We look at Storm, Flink, and Apex as case studies to understand the space.

Published in: Engineering
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Stream Computing (The Engineer's Perspective)

  1. 1. Stream Computing (The engineer’s perspective) Ilya Ganelin
  2. 2. Batch vs. Stream • Batch • Process chunks of data instead of one at a time • Throughput over latency (seconds, minutes, hours) • E.g. MapReduce, Spark, Tez • Stream • Data processed one at a time • Latency over throughput (microseconds, milliseconds) • E.g. Storm, Flink, Apex, KafkaStreams, GearPump
  3. 3. Scalability, Performance, Durability, Availability • How do we handle more data? • Quickly? • Without ever losing data or compute? • And ensure the system keeps working, even if there are failures?
  4. 4. What are the tradeoffs? • If we focus on scalability, it’s harder to guarantee • Durability – more moving pieces, more coordination, more failures • Availability – more failures, harder to stay operational • Performance – bottlenecks and synchronization • If we focus on availability, it’s harder to guarantee • Performance – monitoring and synchronization overhead • Scalability and performance • Durability – must recover without losing data • If we focus on durability, it’s harder to guarantee • Performance • Scalability
  5. 5. Batch compute has it easy. • Get scale-out and performance by adding hardware and taking longer • Get durability with a durable data store and recompute • Get availability by taking longer to recover (this makes life easier!) • In stream processing, you don’t have time!
  6. 6. It’s not about performance and scale. • Most platforms handle large volume of data relatively quickly • It’s about: • Ease of use – how quickly can I build a complex application? Not word count. • Failure-handling – what happens when things break? • Durability – how do I avoid losing data without sacrificing performance? • Availability – how can I keep my system operational with a minimum of labor and without sacrificing performance?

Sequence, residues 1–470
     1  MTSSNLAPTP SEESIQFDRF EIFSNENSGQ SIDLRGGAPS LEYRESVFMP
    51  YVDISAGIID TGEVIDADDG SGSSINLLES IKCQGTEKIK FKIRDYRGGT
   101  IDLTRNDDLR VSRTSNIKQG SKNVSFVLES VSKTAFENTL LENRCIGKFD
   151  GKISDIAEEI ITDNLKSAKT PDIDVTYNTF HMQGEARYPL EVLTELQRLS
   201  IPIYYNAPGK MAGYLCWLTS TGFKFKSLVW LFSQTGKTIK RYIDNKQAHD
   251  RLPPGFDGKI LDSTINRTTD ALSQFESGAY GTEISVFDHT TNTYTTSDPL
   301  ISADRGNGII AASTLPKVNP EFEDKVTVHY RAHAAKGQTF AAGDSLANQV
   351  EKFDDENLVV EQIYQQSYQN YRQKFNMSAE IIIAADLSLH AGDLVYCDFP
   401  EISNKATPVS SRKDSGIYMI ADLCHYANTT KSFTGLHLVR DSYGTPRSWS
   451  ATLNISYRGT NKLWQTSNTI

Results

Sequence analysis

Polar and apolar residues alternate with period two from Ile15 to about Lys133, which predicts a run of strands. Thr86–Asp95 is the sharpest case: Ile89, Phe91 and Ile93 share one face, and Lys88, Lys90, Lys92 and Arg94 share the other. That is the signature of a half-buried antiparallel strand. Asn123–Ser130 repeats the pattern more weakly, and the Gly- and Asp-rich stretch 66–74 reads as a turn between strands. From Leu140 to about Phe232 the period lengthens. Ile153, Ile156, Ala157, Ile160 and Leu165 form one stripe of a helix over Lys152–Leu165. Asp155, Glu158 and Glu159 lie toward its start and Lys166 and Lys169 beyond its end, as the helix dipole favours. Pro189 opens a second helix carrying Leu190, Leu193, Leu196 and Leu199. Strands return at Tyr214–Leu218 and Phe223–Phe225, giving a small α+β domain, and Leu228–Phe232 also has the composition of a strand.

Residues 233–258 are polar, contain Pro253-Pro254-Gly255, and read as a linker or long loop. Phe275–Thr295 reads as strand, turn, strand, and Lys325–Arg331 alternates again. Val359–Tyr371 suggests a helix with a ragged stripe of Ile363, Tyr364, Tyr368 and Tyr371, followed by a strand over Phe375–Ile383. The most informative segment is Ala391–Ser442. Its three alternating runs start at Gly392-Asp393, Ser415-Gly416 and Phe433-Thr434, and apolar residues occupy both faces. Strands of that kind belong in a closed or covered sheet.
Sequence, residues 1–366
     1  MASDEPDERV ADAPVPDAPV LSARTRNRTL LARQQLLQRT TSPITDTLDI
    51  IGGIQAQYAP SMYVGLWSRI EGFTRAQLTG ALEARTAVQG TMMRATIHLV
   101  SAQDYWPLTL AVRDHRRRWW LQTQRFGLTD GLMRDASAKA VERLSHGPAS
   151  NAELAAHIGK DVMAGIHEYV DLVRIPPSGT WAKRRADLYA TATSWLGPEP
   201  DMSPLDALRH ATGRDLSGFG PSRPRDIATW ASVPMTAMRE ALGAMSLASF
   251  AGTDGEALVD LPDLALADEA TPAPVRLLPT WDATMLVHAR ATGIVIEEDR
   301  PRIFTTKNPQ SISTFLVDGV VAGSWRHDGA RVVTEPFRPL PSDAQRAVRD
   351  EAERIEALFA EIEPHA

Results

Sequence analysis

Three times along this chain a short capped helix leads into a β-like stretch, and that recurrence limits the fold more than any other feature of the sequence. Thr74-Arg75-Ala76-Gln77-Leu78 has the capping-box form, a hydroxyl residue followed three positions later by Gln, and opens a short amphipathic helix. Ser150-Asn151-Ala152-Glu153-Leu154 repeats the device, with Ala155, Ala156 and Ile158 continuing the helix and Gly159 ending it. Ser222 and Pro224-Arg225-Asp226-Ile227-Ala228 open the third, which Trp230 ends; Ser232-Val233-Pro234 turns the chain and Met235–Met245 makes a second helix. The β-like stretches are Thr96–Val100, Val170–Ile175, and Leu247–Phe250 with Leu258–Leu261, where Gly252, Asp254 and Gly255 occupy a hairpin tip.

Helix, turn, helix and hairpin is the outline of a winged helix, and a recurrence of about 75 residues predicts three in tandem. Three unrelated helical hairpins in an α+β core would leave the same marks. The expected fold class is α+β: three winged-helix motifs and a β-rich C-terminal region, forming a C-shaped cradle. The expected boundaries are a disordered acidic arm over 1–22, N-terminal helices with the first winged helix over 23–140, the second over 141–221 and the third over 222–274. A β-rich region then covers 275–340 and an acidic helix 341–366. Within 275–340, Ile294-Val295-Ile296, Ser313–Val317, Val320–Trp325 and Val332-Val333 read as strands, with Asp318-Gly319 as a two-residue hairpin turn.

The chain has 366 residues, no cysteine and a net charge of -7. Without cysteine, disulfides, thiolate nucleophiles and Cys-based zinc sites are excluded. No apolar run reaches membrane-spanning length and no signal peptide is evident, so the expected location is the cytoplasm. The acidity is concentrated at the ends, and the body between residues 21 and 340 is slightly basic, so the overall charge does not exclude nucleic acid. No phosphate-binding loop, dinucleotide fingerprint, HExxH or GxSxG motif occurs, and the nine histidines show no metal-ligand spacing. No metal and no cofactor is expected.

7. 7. Next: Case Studies in Open-Source Streaming • Storm • Flink • Apex
  8. 8. Apache Storm • Tried and true, was deployed on 10,000 node clusters at Twitter • Scalable • Performant • Easy to use • Weaknesses: • Failure handling • Operationalization at scale • Flexibility • Obsolete?
  9. 9. How does it work?
  10. 10. How does it work?
  11. 11. How does it work?
  12. 12. Failure Detection
  13. 13. Failure Detection No durability of data in flight or guarantee of exactly once processing!
  14. 14. Where do the weakness come from? • Nimbus was a single point of failure (fixed as of 1.0.0 release) • Upstream bolt/spout failure triggers re-compute on entire tree • Can only create parallel independent stream by having separate redundant topologies • Bolts/spouts share JVM  Hard to debug • Failed tuples cannot be replayed quicker than 1s (lower limit on Ack) • No dynamic topologies • Cannot add or remove applications without service interruption • Poor resource sharing in large clusters
  15. 15. Enter the Competition – Apache Flink • Declarative functional API (like Spark) • But, true streaming platform (sort of) with support for CEP • Optimized query execution • Weaknesses: • Depends on network micro-batching under the hood! • Not battle -tested • Failures still affect the entire topology
  16. 16. How does it work?
  17. 17. Failure Handling
  18. 18. So what’s different from Storm? • Flink handles planning and optimization for you • Abstracts lower level internals • Clear semantics around windowing (which Storm has lacked) • Failure handling is lightweight and fast! • Exactly once processing (given appropriate connectors at start/end) • Can run Storm